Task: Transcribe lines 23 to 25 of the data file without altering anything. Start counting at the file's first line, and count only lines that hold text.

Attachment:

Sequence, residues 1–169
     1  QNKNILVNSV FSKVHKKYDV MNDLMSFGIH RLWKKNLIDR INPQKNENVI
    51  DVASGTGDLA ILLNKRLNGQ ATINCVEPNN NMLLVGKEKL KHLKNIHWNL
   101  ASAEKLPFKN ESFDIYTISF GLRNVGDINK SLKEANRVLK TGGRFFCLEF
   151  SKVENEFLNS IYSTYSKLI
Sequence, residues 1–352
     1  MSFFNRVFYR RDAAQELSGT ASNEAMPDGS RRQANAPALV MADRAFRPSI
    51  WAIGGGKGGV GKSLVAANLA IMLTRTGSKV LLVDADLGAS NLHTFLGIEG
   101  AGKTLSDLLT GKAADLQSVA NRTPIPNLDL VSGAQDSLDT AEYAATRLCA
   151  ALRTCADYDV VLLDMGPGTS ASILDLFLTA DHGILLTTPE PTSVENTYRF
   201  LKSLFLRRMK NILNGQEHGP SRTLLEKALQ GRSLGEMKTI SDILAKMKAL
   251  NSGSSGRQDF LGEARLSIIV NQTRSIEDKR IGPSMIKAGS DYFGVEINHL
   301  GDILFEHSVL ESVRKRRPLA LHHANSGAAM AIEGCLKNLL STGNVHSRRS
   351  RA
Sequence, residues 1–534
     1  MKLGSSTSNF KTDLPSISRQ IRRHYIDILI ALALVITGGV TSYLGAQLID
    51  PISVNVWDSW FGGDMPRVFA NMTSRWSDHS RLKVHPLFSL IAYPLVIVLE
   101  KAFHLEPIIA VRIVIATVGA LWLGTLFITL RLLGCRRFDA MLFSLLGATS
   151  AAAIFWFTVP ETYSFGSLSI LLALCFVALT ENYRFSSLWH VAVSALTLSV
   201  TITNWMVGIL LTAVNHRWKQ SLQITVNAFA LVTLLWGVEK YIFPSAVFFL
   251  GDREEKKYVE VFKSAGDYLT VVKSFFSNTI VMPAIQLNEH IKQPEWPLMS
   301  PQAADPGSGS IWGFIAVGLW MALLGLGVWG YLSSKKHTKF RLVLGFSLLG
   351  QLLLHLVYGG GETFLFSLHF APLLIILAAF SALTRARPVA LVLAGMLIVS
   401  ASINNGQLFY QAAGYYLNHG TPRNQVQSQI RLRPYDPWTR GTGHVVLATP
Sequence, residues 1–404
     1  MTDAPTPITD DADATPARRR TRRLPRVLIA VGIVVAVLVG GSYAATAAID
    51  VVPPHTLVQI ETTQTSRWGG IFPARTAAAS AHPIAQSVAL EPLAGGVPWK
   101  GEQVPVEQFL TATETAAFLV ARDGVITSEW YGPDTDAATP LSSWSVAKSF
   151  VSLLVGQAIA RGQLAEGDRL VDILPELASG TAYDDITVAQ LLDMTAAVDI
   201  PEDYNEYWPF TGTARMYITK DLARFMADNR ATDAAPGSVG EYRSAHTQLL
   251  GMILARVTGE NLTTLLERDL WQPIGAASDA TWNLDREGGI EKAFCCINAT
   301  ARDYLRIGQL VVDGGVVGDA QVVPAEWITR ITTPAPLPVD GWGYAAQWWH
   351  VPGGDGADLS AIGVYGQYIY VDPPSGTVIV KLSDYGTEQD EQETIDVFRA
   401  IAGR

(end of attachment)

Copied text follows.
   351  QLLLHLVYGG GETFLFSLHF APLLIILAAF SALTRARPVA LVLAGMLIVS
   401  ASINNGQLFY QAAGYYLNHG TPRNQVQSQI RLRPYDPWTR GTGHVVLATP
Sequence, residues 1–404